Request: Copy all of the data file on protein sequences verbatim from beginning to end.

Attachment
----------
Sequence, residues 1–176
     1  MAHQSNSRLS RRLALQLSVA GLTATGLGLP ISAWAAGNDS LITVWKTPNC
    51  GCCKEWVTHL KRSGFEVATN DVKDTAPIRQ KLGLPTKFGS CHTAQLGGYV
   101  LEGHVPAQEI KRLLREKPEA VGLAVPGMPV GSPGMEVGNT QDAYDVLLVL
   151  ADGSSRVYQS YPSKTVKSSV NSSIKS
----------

Sequence, residues 1–176
     1  MAHQSNSRLS RRLALQLSVA GLTATGLGLP ISAWAAGNDS LITVWKTPNC
    51  GCCKEWVTHL KRSGFEVATN DVKDTAPIRQ KLGLPTKFGS CHTAQLGGYV
   101  LEGHVPAQEI KRLLREKPEA VGLAVPGMPV GSPGMEVGNT QDAYDVLLVL
   151  ADGSSRVYQS YPSKTVKSSV NSSIKS